My coffee steams on the stone wall its surface swirling anti-clockwise from my stirring. I am anti – clockwise. The small citrus trees in the garden are like children and the morning sun shines through them and their translucent leaves. Spiders weave silver thread ladders of light between branches. Yesterday we drank from a Venetian spring and climbed over a broken gate into a walled orange grove and shook sweet oranges from the trees – sweet, sweet oranges. We came back to Kardamili down the old kalderimi, my little bird chirruping and holding my hand all the way down. She noticed how the olive trees beneath us spread their shadows like roots across the ground.
I’m taking my time, the plane is delayed by an hour – spinach and cheese pie- pink oleander shake in the breeze on the edge of the highway.
Refugees land on Lesvos and there are photos in The Mail of disgruntled tourists passing by with stone in their eyes.
They lie on benches
beneath the old town colonnade-
tourists pass by on leisure bikes.
‘They watch us while we eat !’ –
don’t you see the horror
bedded in that child’s eye?
Why don’t you feed the thin
not just the cats
beneath the table
that rub your ample calves
with their purring snouts.
Back in Stoupa watching the sun on the sea, mindful of other shores.
Watching the sea go dark. There’s a solitary boat in the middle of Selintsa bay riding the restless bulk, with only a small light to stop night from falling.
Each evening I see him
on the dark bulk,
trusting caulked plants
with a small light that keeps
night from falling.
Strange music rocks his cradle
dithyrambs in the dark
on the rise and fall
of relentless breath.
He rides tideless hours
till dawn severs sea from sky
and he returns
with the lustrous dead, thyroid eyed
for the tables of the living.
Down in Stoupa watching a still sea. A man does exercises on the sand while I stroke a blond dog. All is still and quiet. The voices of two men walking along the front echo against the quiet. They carry packed lunches and flask and walk briskly in dirty boots.
‘καλιμερα’. I say.
And then their voices descend into the distance.
Bought some bread and croissant from the miserables and headed back up to the house.
12 noon – Kalogria
Pidgeons coo in the tamarisk trees – their shade stretches a cool canopy over me – and the heating sand – where Churny and Mark bake. The sea is calm and cold and drinks blue light from the sun.
When this day is done other boys will come and a new dance will begin. That man with the black hair over his body, I knew as a boy. He had a slanted chip on his tooth and a big smile.
– Behind me there is someone with a hammer and a saw and someone screwing.
Grass in Greece is unkind, even in spring. The same is true of hotel grass, it’s uncomfortable to sit on, a little sharp here and there, as if it’s trying to tell us what it wants to be, not what it’s being forced to be.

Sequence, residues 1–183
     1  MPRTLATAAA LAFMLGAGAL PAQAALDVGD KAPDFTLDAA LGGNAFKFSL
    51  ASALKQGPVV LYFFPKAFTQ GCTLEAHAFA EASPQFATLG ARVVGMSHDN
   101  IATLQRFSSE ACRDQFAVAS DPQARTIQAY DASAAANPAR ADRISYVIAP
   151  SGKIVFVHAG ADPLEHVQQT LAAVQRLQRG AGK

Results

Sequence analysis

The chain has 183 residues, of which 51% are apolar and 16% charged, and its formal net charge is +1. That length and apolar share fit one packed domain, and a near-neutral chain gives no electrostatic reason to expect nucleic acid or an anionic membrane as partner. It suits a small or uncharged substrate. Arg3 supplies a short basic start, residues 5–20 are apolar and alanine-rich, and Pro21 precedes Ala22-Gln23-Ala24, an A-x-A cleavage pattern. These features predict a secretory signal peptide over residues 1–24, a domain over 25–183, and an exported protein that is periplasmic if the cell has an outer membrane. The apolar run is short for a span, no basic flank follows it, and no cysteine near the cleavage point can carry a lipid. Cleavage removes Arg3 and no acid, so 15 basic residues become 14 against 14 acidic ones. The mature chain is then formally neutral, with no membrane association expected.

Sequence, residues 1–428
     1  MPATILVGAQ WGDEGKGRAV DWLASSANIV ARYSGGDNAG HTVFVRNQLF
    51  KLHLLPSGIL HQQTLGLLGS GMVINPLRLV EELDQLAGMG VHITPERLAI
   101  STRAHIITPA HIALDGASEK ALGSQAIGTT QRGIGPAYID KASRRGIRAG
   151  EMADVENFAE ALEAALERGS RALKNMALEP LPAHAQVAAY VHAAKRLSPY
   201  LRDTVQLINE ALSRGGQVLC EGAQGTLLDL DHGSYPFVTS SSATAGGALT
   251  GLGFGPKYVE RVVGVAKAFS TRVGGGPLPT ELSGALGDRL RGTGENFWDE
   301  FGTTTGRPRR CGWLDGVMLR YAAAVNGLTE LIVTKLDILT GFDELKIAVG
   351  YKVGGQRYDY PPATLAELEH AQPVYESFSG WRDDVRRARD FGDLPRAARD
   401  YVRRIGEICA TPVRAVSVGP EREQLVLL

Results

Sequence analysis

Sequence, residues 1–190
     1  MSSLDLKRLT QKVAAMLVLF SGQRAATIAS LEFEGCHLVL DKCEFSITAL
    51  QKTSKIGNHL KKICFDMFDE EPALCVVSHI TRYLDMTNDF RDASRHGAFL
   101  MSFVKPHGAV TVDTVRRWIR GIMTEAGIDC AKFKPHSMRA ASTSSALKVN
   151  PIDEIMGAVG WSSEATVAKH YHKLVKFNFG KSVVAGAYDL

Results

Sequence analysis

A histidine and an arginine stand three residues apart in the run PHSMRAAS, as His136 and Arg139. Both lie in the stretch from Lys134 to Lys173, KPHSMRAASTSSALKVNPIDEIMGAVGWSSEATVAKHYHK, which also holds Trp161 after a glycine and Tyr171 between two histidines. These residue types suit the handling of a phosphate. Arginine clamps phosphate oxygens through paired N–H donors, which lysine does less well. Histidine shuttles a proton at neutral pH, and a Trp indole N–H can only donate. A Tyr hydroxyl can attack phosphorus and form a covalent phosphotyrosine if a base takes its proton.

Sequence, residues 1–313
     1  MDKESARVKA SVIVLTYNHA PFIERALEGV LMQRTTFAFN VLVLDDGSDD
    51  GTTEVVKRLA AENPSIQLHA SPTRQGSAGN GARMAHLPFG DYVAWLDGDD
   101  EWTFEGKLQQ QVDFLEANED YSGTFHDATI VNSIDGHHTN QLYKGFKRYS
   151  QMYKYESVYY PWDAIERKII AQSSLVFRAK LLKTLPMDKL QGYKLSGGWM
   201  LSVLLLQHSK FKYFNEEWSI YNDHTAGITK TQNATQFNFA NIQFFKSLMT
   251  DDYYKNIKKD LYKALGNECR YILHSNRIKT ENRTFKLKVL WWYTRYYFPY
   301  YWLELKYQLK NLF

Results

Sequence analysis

11.30am – Tom and me catch a taxi from Syntagma heading for Kifissos Bus Terminal and our connection to Kalamata. The traffic is heavy, our driver, Voula, tells us that it is Big Wednesday when many people leave the city to head to their villages in time for Good Friday. I hear on the radio that Greece’s new Prime Minister, Alexis Tsipras, is in Moscow for talks with Putin about the Greek debt crisis. I ask Voula if she supports Syriza in their fight against austerity politics. She confirms that she does, and sees them as the only hope that Greece has of relief from the iron grip of unpayable debt. In the coming months, I will hear this repeated many times by those who are not traditionally on the left of politics. It is clear that this proud people have become weary of the relentless oppression of economic and social collapse, meted out by the financial elites of Northern Europe.
We walk down the dark kalderimi to Stoupa. In the long grass there are strange lights like seedling stars fallen to earth. And behind us the strange musical whirr of something that we have stirred in passing, the invisible presence pursues us for a while and all is quiet beneath the majesty of stars.
In To Steki (which means.. the hangout..) We eat chicken pitta and drink too much wine. I talk to Giorgos, a tall handsome 58 year old man from Sparti. He tells me of his time as a student in Athens when he’d watch Nikolas Asimos perform his radical songs and performance theatre, in the squares around central Athens. Tom asks Giorgos if he works locally.
‘Of course not. I have worked for many years, both here and in Germany, but not now. I come here, I look at that (he points out of the open door to the moon that floats in shards on the rippling sea). This is all I need. For 1 euro, I can buy a coffee and look at this. For 1 euro I can fill my heart.’
I stutter through Athens on the Airport Express and see its worn out streets through a streaked veil of rain and dirt. Car doors, limbs ripped from carcasses are neatly lined up outside or above the many reclamation shops. Graffiti, political and puerile plunders every wall and brown rivers of rain run down dirty streets. The Acropolis, high white and proud in the summer, barely lifts itself above the miserable shroud over the city
We pass a church and a defaced poster of moaning Merkel, the woman next to me crosses herself twice. Praising God and warding off the devil? The traffic is heavy and the only colour is from empty cans on patches of rain soaked grass.